John Gardiner searches for the historical moment when our Victorian forebears went missing from the popular consciousness.
In hot pursuit of political success during the early 1980s Margaret Thatcher famously invoked a set of 'Victorian values': belief in duty, patriotism, self-help, and so on. That these values were highly selective almost nobody seemed to mind. This is symptomatic of what we might call the 'loss' of the Victorians - the way in which an intimate appreciation of the people and values of the nineteenth century has slipped from the popular consciousness.
Of course this 'loss' might hardly be cause for surprise. As people recede into what the novelist L.P. Hartley called the 'foreign country' of the past, their values become alien and the intricate details of their lives susceptible to easy generalisation. This is a process which happens to every historical period or generation - no doubt the Victorians had a similar experience with their own memories of the eighteenth- and early nineteenth-centuries. But the 'loss' of the Victorians in the twentieth-century has certain features unique to our own time.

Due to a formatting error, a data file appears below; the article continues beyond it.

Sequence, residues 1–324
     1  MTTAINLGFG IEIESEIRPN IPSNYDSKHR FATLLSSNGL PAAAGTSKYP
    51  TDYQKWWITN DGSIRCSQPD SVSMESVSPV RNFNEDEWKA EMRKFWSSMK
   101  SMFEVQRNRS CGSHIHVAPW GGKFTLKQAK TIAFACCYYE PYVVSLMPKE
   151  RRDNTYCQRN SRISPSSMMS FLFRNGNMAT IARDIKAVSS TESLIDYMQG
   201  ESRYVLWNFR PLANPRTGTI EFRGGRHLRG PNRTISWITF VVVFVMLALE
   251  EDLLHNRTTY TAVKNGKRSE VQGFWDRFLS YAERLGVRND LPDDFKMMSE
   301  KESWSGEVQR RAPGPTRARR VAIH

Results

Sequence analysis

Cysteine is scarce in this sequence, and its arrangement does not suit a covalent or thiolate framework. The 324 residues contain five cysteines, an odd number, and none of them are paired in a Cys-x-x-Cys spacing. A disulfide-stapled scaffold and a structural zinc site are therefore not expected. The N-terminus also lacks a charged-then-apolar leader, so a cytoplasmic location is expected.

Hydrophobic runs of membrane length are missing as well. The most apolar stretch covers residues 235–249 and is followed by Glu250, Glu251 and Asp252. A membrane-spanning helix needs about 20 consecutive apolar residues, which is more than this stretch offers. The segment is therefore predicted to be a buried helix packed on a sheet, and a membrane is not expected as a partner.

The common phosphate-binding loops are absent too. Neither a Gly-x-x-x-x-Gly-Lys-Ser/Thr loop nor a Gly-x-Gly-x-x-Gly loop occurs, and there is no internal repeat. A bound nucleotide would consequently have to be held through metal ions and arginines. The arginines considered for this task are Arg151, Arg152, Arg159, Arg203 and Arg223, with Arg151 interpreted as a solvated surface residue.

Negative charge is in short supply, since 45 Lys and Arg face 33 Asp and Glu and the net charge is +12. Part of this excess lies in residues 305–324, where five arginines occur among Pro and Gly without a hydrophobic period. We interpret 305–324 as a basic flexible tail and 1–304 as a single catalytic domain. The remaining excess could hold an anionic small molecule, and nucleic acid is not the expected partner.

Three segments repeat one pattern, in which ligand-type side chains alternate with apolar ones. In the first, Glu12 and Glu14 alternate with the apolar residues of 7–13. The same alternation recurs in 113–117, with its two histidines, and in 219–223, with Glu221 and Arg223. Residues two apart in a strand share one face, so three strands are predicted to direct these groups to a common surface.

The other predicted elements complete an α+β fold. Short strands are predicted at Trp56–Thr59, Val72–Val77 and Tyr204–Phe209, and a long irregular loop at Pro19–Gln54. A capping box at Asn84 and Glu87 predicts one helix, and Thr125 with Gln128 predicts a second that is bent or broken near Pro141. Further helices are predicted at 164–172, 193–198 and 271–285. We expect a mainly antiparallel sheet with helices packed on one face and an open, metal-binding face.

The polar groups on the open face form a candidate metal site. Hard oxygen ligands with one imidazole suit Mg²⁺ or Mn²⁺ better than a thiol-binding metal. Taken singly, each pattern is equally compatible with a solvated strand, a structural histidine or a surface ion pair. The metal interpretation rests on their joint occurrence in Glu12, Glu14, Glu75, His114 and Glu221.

There is a commonly voiced Whiggish version of this 'loss' which has it that the Victorians were rejected after the First World War. That war, many historical commentators argue, crystallised the growing anti-Victorian mood to be found before 1914 in the plays of Oscar Wilde and George Bernard Shaw, and the novels of H.G.Wells and Samuel Butler. But the text which more than anything else signalled a break with the past was Lytton Strachey's Eminent Victorians (1918), a study of the lives of Cardinal Manning, Thomas Arnold, Florence Nightingale and General Gordon. Strachey's book gave rise to a fashion for 'debunking' literature (traceable in the writings of Harold Nicolson, Osbert Sitwell and others) which left the Victorian achievement in tatters by the close of the inter-war period.